2009 Fall Baseball Letter #22

"Put me in, coach!" Your positive attitude is displayed

 when you're ready to play and ask for the opportunity

 to get into the game. Tell your leader, "I've been

 doing things to prepare myself for this job/task. I'm

 confident I can deliver if you'll give me the chance!" 

 ~Paul Sims

Because we are beginning this week with our fall orientation session, I wanted to make it known that we are enthusiastic about having the opportunity to evaluate and observe NW Umpires and also the 24 new applicants.

I want to take this opportunity to welcome all of you to fall baseball.  The 24 new applicants are in competition to prove to us that they belong with us as an umpire.  I want those of you that are NW Umpires and evaluators to welcome them and work with them to help them become NW Umpires.

Reality is that we are all in competition with one another.  Let's make sure this competition is one of nurturing one another to become the best we can become.  Not only are we evaluating but we are teaching and helping one another to get better.  The game of baseball demands that we cannot just stand pat with what we know and can do.  We must add to our knowledge and skills each and every day to make the game of baseball and umpiring a better place to work.  It is up to us to improve the sportsmanship and quality of the game by how we approach our job.

Good luck to all of you in this quest.

Your colleague,

Larry Gallagher

Questions 31-40 are below excerpted from the Questions from Jim Evans Desert Classic in 2004.  This information is also available on www.nwumpires.com in Larry's Corner.

31.  When will and umpire’s timing be quicker:  When the BR is safe or when the BR is out?   The umpire’s timing will be quicker when the BR is safe because there is no need to observe if there is firm and secure possession.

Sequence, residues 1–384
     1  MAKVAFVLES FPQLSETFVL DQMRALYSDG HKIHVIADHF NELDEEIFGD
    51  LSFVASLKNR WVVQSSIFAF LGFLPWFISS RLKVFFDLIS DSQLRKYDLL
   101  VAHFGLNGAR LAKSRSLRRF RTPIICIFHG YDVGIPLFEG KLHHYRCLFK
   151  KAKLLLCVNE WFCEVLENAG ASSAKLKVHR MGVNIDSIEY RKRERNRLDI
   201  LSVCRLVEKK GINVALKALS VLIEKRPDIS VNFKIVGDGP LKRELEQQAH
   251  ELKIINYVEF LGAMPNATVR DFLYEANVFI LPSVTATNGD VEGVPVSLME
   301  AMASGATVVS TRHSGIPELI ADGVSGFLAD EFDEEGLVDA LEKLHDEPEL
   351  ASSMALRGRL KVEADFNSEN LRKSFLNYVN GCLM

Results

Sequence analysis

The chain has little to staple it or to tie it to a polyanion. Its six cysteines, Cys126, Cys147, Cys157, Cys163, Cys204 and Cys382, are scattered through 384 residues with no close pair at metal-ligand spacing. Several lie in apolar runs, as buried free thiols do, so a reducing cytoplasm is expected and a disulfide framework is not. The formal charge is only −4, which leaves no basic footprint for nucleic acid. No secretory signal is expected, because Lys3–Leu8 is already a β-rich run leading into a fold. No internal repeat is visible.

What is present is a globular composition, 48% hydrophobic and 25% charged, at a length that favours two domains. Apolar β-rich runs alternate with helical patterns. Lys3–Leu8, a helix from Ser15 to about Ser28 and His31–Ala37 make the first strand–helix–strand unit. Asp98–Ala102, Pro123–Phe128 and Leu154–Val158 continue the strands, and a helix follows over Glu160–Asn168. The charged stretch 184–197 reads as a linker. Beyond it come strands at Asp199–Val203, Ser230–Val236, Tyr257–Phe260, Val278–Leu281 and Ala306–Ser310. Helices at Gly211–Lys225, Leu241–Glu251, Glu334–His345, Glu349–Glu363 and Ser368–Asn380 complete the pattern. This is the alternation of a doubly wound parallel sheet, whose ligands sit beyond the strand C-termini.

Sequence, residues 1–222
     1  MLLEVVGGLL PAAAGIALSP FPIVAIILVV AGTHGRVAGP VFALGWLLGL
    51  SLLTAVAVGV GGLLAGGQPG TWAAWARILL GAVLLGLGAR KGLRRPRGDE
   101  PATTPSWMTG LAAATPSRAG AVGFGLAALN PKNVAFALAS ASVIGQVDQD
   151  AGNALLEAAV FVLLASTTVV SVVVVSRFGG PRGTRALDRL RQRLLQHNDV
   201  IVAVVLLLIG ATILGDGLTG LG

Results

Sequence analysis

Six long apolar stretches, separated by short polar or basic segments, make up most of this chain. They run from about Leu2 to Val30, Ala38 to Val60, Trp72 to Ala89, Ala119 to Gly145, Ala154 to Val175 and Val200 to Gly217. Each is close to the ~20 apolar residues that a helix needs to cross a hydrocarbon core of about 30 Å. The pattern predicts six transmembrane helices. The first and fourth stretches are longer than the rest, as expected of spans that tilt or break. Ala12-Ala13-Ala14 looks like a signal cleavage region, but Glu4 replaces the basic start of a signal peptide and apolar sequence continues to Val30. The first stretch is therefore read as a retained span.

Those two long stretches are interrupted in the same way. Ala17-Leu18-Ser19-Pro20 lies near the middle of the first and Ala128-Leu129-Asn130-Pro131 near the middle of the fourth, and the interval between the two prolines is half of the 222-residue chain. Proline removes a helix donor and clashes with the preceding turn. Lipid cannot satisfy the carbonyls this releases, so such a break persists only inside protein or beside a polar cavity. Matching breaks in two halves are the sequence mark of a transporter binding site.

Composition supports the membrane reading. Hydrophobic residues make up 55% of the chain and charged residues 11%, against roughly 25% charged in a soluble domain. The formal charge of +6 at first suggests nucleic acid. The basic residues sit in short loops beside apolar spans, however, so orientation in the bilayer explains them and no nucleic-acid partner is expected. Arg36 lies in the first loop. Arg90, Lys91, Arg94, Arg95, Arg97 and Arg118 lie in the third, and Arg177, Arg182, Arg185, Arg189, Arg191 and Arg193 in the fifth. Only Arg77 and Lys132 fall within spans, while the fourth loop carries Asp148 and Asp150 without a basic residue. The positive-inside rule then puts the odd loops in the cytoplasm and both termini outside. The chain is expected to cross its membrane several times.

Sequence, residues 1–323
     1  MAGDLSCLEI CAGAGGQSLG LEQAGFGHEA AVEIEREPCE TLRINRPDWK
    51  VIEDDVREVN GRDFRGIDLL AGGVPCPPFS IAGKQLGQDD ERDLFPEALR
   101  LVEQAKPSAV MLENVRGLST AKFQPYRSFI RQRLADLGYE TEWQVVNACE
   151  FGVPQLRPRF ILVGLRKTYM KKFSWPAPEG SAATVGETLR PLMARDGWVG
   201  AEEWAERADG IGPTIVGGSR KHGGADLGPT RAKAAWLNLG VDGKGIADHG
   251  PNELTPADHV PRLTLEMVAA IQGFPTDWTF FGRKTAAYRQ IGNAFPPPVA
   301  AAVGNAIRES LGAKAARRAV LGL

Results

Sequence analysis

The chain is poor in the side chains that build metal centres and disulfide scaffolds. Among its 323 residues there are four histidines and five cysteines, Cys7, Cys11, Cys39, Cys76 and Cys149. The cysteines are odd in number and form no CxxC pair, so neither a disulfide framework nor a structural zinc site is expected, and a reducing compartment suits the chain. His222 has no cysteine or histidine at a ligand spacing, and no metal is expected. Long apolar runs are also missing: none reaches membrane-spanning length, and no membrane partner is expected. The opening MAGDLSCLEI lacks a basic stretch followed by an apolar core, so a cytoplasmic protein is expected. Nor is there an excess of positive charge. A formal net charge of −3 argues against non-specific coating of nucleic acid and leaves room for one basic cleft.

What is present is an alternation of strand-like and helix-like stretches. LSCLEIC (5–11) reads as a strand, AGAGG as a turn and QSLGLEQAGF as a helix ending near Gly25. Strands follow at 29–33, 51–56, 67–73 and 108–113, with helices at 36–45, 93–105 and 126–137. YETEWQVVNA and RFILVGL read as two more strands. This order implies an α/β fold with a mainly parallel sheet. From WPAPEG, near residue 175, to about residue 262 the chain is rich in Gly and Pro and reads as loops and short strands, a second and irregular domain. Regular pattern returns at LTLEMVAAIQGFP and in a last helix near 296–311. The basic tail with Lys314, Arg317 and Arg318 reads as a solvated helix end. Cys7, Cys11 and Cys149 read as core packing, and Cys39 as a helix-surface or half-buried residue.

32.  What is the umpire looking for when his eyes are focused on the base?   The base umpire is looking to see if the 1st baseman has contact with the base and if the runner touches the base.  


33.  Describe four type plays that can develop when the pitcher is covering first base.   A tag play, an obstruction, interference and a force play. 


34.  What should the BU do when the throw gets by the first baseman?   He should try to get inside the cutout as on a pivot and be ready to take the BR to 2nd base and/or back to 1st base. 


35. What is the proper adjustment when a throw from the left side of the infield pulls the first baseman off the base toward home?             The base umpire will take a step, look and a lean toward the 1st base foul line.  He would use his left foot as the first step.


36.  What is the proper adjustment when an infielder’s throw pulls the first baseman off the base toward right field?   The base umpire will take a step, look and a lean toward the infield grass or toward the mound.  His first step would be with the right foot.


37.  Why do throws in the dirt create problems for the umpire?   Because they look like they might be a “true” throw and also, as you listen for the ball to enter the mitt or glove, you will maybe hear three sounds.  The ball hitting the dirt, the ball hitting the glove or mitt and the BR’s foot hitting the base.  This can confuse the best of umpires.  Also, there is the possibility of a pulled foot.  There is also the possibility of a juggled ball.


38.  Why do short throws to first base create problems for the umpire?   There is less time to move your head to focus on the play.        There is a greater chance of juggling the ball on short throws.        You have less time to make your decision. 


39.  What is the ideal distance for a force play at first base?   The manual reads 15-20 feet but the accepted distance and what is in the Federation and taught at the professional umpire schools is 15-18 feet.  The NCAA does not specify any distance but they do say the most advantageous position possible. 


40.  Should the umpire regulate his movement into position on how hard the ball is hit?  Why?   No, because all umpires should be trained to bust into their angle and distance.  If you can get to your angle quickly, you will have more time to read a “true” throw or a poor throw.  This will give you a better chance of getting your call correctly.  If it is a poor throw, you will have more time to make an adjustment.  This is a mistake many umpires make.  They do not bust to their angle and therefore, sometimes are suprised by the closeness or quickness of the play.  Getting into position early based on the origin of the throw, has helped me greatly in not missing these plays. 
Waiting for a play to occur is always better than just getting there in time.

Do not ever be surprised on the baseball field. 

"Surprise is an umpire's worst enemy!" 

This is a quote from Jim Evans.

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*NW General Membership Meeting - TBD 2020

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